With manufacturing and services increasingly performed by businesses whose intelligent machines are based in the AI superpowers of the United States and China, it will be the case that Silicon Valley and Zhongguancun aren’t just be responsible for building social media platforms, but payment systems, accountancy and legal services, health diagnostics and autonomous vehicles. While it is plausible that Europe could at least attempt to catch up, while protecting its domestic market for foreign competition, for the world’s poorest poor it will be a very different story. Unlike with the manufactured exports of yesteryear, much of sub-saharan Africa, Central and South Asia, the Middle East and Latin America will be effectively closed off – the dependency and under-development of the Global South not only extended but exacerbated.
This is already in evidence with what Kai-Fu Lee describes as the ‘7 Giants’ of AI research: Google, Amazon, Facebook, Microsoft, Baidu, AliBaba and Tencent. The four US companies are worth north of $3 trillion – far larger than the UK economy, while their Chinese counter-parts have a cumulative value of more than a £1 trillion. While these companies are already among the most valuable in the world, their respective advantages means they stand to become far larger still, making life difficult for legacy businesses in industries they wish to enter: Amazon with offline shopping; Alphabet with autonomous vehicles and smart home products; Tencent, Facebook and AliBaba with payment systems and banking (1.7 billion people worldwide don’t have a bank account). The march of machine learning likely means that these already huge corporations will play an ever expanding role in our lives, with US firms dominating markets in Europe and India, and China in East Asia and the rest of the Global South. Any business or public institution wishing to benefit from machine learning over the next two decades may come to depend on technology from one of these countries with the cost of entry, in terms of data and resources, simply too high for anyone else.
Alongside a new divide between wealthy and poorer countries, or more specifically the AI superpowers versus the rest, there is also the issue of inequality within nations. While it is true that new jobs will be created, these will be in areas which retain ‘uniquely human skills’ – think anything which requires motor-sensory coordination like cleaning, care work or repairs and maintenance. Because of demographic ageing the care sector is already creating millions of new jobs, with 8 of the 10 fastest growing positions in America to be found in the care industry.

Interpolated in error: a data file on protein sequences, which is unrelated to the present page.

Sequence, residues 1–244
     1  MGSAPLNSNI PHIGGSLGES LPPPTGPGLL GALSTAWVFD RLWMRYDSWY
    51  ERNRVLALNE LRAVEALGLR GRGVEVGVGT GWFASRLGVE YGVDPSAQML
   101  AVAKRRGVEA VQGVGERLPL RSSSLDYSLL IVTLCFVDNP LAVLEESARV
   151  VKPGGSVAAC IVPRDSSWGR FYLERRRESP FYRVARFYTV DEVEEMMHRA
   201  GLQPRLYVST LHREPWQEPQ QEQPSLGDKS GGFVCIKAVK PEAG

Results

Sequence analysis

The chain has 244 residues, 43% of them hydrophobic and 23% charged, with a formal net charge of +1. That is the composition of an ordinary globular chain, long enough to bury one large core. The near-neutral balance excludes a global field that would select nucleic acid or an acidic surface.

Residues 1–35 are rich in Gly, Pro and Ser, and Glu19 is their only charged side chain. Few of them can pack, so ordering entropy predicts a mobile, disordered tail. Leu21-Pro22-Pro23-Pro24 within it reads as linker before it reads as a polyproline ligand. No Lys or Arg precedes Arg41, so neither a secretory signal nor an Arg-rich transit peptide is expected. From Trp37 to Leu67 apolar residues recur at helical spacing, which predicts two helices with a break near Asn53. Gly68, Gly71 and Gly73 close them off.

But given the average worker in the sector already earns as little as $22,000, the possibility of large numbers entering it will only serve to suppress wages further and increase in-work poverty. It is particularly difficult to see how such a dynamic might be managed within the AI superpowers, as an ever larger mass of working poor see the dividend of AI redounding almost exclusively to a tiny elite, making the America of The Great Gatsby an exercise in egalitarian restraint. The idea that progressives can offer incremental solutions in the face of this is absurd. As with so much else it necessitates a systemic response. If the left doesn’t offer it, the nativist right will.
Indeed this process is already underway, despite machine learning having barely arrived. The last two decades, and with it the emergence of a true digital economy, has seen a massive concentration of wealth and power, with the platform model inevitably tending to monopoly. In the United States 75% of venture capital funding goes to just three states: California, New York and Massachusetts, with 50% alone going to the Sunshine State. Four of the world’s ten richest people are involved in the 7 AI Giants, with Jeff Bezos personally worth $159 billion. By the same token regional inequality is intensifying in places as different as Britain, China, Germany and Mexico. That is not to say the digital economy is to blame, local factors are to be considered as well as the asset values of large cities and younger workers preferring the metropolis, but the diffusion of machine learning applications will only exacerbate this. The fact that one of the world’s most innovative car manufacturers, Tesla, is based in Silicon Valley – as is much of the new wave of space transportation companies, is an omen of the future. As information becomes an increasingly central factor of production, areas with AI as their comparative advantage will pull away from the rest. It will be the equivalent of offering electricity with your products when nobody else can.
The diffusion of AI, and thereafter robotics, will intensify the status quo of ‘winner-takes-all’ . It will create unprecedented global inequalities and lead to a progressively larger ‘unnecessariat’, primarily located in the Global South. And that’s all before touching upon the existential risks more widely discussed in the media. AI, even unfolding in a ‘business as usual’ manner, could be on a par with demographic ageing over the next 25 years as a social and economic challenge. Rather than creating solutions policy-makers, especially those beyond China and the United States, are unlikely to even be aware of the problem.